The results of the Analysis of variance (ANOVA) of the second order polynomial equation are given in Table4. F statistics of the result of ANOVA of full and reduced model confirmed omission of non-significant terms of equation 1. Since the calculated F value (0.6841) was less than the tabled F value (2.74) (α = 0.05, V1 = 6 and V2 = 16), it was concluded that the neglected terms do not significantly contribute in the prediction[23]. The goodness of fit of the model was checked by the determination coefficients (R2). In this case, the values of the determination coefficients (adj R2) were very high (>90%), which indicates a high significance of the model. All the above considerations indicate an adequacy of the regression model[24, 25].
Table 4

Analysis of variance (ANOVA) for full and reduced models of GLM metabolism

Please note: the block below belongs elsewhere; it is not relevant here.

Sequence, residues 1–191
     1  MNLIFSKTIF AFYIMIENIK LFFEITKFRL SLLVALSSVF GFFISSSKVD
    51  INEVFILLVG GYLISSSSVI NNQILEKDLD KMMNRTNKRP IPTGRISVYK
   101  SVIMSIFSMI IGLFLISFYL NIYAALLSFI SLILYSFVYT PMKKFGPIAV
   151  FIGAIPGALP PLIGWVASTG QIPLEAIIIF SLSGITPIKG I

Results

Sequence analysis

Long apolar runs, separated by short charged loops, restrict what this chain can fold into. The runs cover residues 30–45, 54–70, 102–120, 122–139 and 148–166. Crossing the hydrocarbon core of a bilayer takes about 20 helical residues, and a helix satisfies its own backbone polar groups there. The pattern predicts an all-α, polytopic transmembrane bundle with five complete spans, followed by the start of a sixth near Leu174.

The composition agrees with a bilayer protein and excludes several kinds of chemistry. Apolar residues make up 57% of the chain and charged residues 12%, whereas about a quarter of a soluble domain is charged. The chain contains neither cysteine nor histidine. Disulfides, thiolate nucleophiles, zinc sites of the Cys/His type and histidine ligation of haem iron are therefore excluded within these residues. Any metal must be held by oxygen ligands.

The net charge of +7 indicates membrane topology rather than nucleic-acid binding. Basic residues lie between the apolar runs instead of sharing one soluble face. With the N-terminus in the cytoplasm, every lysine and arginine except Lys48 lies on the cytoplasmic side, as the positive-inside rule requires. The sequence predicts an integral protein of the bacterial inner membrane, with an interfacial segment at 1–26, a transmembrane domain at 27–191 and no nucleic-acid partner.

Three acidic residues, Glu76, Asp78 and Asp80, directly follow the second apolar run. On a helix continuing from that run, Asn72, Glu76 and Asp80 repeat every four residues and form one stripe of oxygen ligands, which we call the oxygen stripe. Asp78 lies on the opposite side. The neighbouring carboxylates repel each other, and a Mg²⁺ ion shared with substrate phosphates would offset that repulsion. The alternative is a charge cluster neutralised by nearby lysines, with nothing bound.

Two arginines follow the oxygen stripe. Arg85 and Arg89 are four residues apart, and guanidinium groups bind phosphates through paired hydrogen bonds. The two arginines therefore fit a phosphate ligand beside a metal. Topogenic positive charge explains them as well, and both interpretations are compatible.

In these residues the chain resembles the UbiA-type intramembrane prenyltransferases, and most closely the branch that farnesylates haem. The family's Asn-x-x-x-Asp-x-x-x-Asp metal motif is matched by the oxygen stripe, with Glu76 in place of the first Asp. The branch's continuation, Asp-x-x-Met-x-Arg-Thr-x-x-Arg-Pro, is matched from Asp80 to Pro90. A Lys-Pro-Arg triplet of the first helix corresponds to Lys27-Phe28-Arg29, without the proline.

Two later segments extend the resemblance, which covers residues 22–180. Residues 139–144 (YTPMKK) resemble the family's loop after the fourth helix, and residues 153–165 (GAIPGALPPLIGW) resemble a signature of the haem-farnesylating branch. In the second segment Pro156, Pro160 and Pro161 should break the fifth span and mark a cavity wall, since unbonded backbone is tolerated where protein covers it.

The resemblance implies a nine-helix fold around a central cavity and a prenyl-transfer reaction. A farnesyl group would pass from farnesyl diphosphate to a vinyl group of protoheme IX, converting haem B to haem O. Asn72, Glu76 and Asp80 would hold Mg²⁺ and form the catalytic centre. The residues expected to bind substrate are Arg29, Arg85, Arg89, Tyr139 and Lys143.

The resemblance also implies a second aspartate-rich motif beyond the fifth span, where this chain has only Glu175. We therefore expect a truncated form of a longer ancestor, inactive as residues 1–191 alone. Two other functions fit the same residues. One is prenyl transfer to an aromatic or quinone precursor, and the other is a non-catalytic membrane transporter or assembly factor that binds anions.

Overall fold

DF

SS

MS

F

R

R2

Adj. R2

Regression

FM

10

4380.932

438.0932

94.570

0.9916

0.9834

0.9730

RM

4

4361.916

1090.479

257.590

   

Error

FM

16

74.119(E1)

4.632

    

RM

22

93.134(E2)

4.233

    

†SSE2-SSE1 = 93.134 – 74.119 = 19.015.

No. of the parameters omitted = 6.

MS of error (full model) =4.632.

F calculated = (SSE2 –SSE1/no. of parameters omitted)/MS of error (full model) = (19.015/6)/4.632 = 0.684189.

Tabled F value = 2.74 (α = 0.05, V1 = 6 and V2 = 16).

Where DF indicates degrees of freedom; SS sum of square; MS mean sum of square and F is Fischer’s ratio.

Contour plot

Contour plots are a diagrammatic representation of the values of the response. They are helpful in explaining the relationship between independent and dependent variables. The reduced models were used to plot two dimension contour plot at a fixed level of 0 for X1 respectively, and the values of X2 and X3 were computed between −1 and +1 at predetermined values of the turnover rate.